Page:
And when synthetic oil does break down, it degrades at a much slower rate and with less sludge than mineral based oil. Manufacturers say this allows high quality lower viscosity oils to be made with part or full synthetic base oils, which results in quicker oil circulation at start up, compared with mineral oils. Since reportedly more than 80% of the total engine wear occurs at start up, quicker oil circulation at start up will result in decreased wear and longer engine life. Synthetic and semi-synthetic based oils’ drawback is they are much more expensive than mineral oil based products.  A spokesperson for a lubricant manufacturer says, like everything else, consumers get what they pay for: “If you don’t put the correct oil in your car, no matter whether it be synthetic or mineral, you’ll most certainly encounter problems that could cost more than a few litres of synthetic oil.” Proponents of mineral oils say while it is true mineral oils may have contained contaminants in the past despite sophisticated refining and additive technology, the so-called Group 2 ultra refined mineral oils have proved themselves in field applications.  These oils offer good performance at lower cost than synthetic or part synthetic based oils, especially in New Zealand driving conditions but, according to an oil manufacturer, are best suited for older vehicle technology engines manufactured prior to 1990. Additives fall into two categories - those that function by changing or improving a property of the oil itself, and those that function by chemical interactions with the engine. ; and viscosity index improvers. Which is which?  There are nine types of additives. They are oxidation inhibitors; dispersants and detergents; antiwear and extreme pressure additives; friction modifiers; rust and corrosion inhibitors; pour point depressants; metal deactivators; anti foamants Motor oils are classified by three major organizations, the SAE (Society of Automotive Engineers), the API (American Petroleum Institute), and the ILSAC (International Lubricant Standardization and Approval Committee). These classifications are designed to help consumers choose the right motor oil. The SAE defines motor oil viscosity grades, or the oil’s thickness or resistance to flow, by a numbering system. A lower viscosity number means thinner oil that flows more easily than oil with a higher viscosity number. The API and ILSAC establish standards for passenger car motor oil by attempting to balance the needs and views of a number of groups, including global automobile manufacturers, oil companies, chemical additive companies, and testing laboratories.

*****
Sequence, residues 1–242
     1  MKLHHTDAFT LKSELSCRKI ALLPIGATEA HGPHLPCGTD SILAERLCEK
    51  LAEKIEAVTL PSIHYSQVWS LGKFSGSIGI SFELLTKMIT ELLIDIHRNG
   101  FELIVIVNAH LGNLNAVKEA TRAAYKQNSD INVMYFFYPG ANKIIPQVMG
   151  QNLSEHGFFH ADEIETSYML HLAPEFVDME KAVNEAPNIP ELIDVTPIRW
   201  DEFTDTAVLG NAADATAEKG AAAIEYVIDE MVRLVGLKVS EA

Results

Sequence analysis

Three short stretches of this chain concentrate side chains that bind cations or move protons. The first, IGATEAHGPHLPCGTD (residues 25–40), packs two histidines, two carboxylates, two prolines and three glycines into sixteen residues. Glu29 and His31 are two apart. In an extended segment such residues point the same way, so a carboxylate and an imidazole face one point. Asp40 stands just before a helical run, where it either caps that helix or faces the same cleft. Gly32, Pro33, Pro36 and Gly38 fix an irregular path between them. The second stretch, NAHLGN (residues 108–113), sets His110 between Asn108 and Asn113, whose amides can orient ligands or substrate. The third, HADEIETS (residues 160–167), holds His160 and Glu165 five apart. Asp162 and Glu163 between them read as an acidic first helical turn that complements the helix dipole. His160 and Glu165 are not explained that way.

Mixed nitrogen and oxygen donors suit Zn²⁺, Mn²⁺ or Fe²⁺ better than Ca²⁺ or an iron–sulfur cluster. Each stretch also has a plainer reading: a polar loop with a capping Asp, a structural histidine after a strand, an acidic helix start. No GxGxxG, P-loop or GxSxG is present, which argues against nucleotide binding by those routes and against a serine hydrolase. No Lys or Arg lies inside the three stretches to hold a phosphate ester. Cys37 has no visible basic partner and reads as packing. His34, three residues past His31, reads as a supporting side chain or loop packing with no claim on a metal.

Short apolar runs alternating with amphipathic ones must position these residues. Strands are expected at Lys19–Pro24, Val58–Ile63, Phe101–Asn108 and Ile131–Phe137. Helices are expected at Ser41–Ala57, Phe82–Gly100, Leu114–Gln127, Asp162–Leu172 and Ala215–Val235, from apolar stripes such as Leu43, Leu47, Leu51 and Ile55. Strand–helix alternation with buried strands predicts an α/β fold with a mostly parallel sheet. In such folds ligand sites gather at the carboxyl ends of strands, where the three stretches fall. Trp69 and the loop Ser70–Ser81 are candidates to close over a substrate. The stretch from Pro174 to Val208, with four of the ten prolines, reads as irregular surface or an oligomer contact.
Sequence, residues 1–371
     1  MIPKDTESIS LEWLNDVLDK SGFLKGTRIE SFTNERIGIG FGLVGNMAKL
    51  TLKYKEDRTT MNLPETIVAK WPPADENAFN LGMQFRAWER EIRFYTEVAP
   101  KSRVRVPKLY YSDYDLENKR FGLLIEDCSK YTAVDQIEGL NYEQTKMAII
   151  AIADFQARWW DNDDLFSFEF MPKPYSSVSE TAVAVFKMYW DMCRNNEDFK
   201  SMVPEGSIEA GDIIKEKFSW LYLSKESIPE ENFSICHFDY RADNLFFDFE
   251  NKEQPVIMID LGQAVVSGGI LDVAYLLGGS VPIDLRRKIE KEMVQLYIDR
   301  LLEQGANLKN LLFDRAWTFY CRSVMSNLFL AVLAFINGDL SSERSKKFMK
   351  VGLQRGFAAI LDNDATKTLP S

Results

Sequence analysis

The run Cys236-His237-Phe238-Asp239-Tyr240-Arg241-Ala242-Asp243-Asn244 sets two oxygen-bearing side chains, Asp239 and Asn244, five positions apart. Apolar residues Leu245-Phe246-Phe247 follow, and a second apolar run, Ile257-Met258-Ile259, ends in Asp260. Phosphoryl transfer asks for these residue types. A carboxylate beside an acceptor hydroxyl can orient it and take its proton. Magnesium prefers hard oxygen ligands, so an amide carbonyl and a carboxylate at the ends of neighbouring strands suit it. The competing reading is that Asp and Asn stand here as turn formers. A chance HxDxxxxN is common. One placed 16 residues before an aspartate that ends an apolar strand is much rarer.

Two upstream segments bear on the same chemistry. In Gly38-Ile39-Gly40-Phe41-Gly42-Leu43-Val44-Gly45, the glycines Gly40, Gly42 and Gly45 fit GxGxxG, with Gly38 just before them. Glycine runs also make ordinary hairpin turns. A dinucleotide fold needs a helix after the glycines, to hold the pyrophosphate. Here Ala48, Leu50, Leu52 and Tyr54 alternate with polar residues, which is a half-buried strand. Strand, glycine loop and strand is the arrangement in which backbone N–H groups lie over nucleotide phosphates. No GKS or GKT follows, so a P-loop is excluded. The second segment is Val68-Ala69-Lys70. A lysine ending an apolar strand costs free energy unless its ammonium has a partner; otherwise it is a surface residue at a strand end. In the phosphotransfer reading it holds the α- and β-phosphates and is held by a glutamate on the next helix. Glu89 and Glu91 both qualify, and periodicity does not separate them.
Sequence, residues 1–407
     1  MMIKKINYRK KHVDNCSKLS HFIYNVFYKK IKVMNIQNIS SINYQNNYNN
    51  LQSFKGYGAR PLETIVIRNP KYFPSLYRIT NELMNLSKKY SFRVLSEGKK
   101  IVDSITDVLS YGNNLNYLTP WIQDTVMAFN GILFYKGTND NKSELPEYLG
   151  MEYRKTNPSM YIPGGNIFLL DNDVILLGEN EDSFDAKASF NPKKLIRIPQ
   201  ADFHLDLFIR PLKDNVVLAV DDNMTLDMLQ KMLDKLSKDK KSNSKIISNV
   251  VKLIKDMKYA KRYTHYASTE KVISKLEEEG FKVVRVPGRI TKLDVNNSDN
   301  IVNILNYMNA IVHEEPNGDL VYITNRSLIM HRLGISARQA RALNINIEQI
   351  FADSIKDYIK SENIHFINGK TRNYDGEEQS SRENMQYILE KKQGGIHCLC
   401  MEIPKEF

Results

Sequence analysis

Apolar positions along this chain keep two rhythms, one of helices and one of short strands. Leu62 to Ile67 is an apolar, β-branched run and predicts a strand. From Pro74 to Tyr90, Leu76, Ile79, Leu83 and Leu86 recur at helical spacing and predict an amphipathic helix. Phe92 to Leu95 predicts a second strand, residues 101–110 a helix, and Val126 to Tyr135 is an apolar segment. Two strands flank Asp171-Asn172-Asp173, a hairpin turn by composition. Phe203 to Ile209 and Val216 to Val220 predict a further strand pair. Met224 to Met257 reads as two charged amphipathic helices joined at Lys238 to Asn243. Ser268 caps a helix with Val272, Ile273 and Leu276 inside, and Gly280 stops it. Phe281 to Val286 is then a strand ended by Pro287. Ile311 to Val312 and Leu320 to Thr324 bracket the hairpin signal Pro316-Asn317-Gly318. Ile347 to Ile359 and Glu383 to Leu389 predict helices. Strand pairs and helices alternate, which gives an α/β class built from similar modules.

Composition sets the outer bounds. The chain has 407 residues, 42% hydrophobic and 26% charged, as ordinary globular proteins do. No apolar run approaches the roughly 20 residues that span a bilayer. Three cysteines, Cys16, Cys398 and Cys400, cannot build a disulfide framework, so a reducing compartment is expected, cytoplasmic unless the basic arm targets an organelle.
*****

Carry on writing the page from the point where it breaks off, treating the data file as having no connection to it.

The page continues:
These standards involve meeting performance testing, bench testing, and more recently limits on certain chemical elements present in engine oil. The goal is to produce the best practical specification that meets the current vehicle appetite. They also try to protect the performance requirements demanded by previous specifications created by these organizations. This is often referred to as backward compatibility or the ability of a new oil with a current standard to be suitable for use in older vehicles.  ILSAC defines motor oils that meet both the most current API S service category and Energy Conserving requirements as defined by the American Society for Testing and Materials Sequence VI fuel economy test. The current specification, released in 2004, is API SM/ILSAC GF-4. As fuel economy is directly related to oil viscosity, only lighter viscosity oils meet this specification. For decades the service grade trend increased performance standards through an increase in the evaluation test severity or by requiring additional performance testing. Improvements to engine oils to meet these standards were typically achieved by increased additive concentrations or by employing new types of additive technology. The joker in the pack Along came global warming and a world-wide upsurge in respiratory ailments, with fingers pointing to fossil fuel burning vehicle exhaust emissions as one of the major culprits. In the mid 1980s car makers began to fit cars with systems to limit noxious gases and particulate matter coming out of their exhaust pipes. ILSAC GF-3, released in 2001, marked a significant change in specification philosophy when oil makers agreed to limit phosphorous content of current engine oils to help modern exhaust catalysts perform effectively for longer.